1. Limited time only! Sign up for a free 30min personal tutor trial with Chegg Tutors
    Dismiss Notice
Dismiss Notice
Join Physics Forums Today!
The friendliest, high quality science and math community on the planet! Everyone who loves science is here!

I Importance of Current density?

  1. May 31, 2017 #1
    Why we do use electrical current density in place of total electrical current? Actually I want to know what is the advantage of using electrical current density?
  2. jcsd
  3. May 31, 2017 #2


    User Avatar
    Staff Emeritus
    Science Advisor

  4. May 31, 2017 #3
    Yes, I read on wiki article but my question is that why we do use current density which means current/unit area rather than the total current?
  5. Jun 1, 2017 #4


    User Avatar
    Science Advisor
    Gold Member
    2017 Award

    We don't always use Current Density. In fact, in many years of EE, Current Density hasn't figured very highly in any of my work. Talk to a power Engineer and you may get a different answer.
    What is the context of your question?
  6. Jun 1, 2017 #5


    Staff: Mentor

    We use whichever one we need for a given problem
  7. Jun 1, 2017 #6
    Current density is a vector, current is a scalar?
  8. Jun 3, 2017 #7
    Current density is a local property (For a point), whereas current is a global property (e.g. for an entire wire). Both are useful depending on the problem but I guess I'll talk a bit more about current density. Densities in general are useful because they allow you to look at the effect of complicated distributions of the quantity in question (e.g. current,charge,mass) by adding up all the little current densities (Numerically or otherwise), current density allows you to find for instance the magnetic field inside a complicated material where only parts of the current have an effect. Another motivation for using densities is that the differential forms of equations, (e.g. Maxwell equations) are more mathematically convenient to work with, and they have to be expressed in terms of local properties.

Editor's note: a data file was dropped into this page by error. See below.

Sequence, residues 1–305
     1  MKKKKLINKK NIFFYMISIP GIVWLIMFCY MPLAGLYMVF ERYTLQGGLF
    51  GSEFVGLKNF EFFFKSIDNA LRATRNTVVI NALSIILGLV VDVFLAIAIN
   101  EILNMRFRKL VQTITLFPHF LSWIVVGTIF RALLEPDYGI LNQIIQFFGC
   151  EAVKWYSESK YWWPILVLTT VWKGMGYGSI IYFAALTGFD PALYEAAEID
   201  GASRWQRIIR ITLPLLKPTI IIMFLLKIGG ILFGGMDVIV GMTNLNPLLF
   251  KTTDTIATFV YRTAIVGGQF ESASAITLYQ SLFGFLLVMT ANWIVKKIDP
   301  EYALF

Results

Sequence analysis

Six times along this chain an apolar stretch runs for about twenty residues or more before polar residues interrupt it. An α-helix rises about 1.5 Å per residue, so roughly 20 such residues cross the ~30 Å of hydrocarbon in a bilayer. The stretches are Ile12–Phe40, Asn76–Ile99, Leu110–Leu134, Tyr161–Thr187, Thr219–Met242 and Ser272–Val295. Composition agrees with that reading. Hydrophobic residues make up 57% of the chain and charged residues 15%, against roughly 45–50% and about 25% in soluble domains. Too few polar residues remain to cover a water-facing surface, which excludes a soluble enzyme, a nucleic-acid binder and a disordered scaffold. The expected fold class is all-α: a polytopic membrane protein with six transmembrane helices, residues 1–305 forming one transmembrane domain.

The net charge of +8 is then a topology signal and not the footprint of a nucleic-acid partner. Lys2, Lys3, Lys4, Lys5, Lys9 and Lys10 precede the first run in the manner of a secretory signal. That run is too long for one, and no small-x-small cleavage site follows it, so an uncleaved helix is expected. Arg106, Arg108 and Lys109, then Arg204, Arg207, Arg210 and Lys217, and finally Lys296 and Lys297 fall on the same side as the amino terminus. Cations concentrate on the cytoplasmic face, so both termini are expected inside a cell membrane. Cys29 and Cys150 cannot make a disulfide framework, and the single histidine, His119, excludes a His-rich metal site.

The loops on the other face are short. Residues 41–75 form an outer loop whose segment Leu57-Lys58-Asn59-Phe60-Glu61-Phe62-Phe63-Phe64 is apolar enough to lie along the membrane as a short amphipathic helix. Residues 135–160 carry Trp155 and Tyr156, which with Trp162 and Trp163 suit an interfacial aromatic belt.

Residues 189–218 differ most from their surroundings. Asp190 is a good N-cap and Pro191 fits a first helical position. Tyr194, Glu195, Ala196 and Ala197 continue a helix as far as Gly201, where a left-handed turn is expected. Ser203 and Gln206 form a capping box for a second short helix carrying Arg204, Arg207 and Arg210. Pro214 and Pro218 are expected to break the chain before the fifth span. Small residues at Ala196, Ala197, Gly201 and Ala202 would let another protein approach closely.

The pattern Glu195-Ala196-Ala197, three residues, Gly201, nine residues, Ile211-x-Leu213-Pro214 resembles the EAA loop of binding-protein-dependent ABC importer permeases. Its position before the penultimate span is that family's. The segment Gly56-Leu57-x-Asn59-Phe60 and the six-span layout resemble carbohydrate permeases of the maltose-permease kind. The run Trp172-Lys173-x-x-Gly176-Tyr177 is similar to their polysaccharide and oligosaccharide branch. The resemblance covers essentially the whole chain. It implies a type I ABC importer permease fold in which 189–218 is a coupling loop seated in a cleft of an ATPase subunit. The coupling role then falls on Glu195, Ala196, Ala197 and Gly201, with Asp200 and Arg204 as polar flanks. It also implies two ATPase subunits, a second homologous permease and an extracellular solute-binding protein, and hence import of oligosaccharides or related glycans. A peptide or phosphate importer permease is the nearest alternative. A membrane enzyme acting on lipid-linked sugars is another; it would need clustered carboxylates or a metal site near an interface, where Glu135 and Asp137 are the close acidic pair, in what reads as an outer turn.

Both current and current density are vectors i.e. they both have direction but currents are rarely written in vector form probably because they're written too often and it's assumed obvious
  9. Jun 3, 2017 #8


    User Avatar

    Staff: Mentor

    Current is in fact a scalar. The current through a surface S (e.g. a cross-section of a wire) is defined as $$I = \iint_S \vec J \cdot d\vec S$$ where ##\vec J## is the current density at each point on the surface and ##d \vec S## is the infinitesimal surface element at that point.
  10. Jun 3, 2017 #9


    User Avatar
    Science Advisor
    Gold Member

    Perhaps an example would help: You can't make any progress on eddy currents without solving for the spatially varying current density.
Share this great discussion with others via Reddit, Google+, Twitter, or Facebook

Have something to add?
Draft saved Draft deleted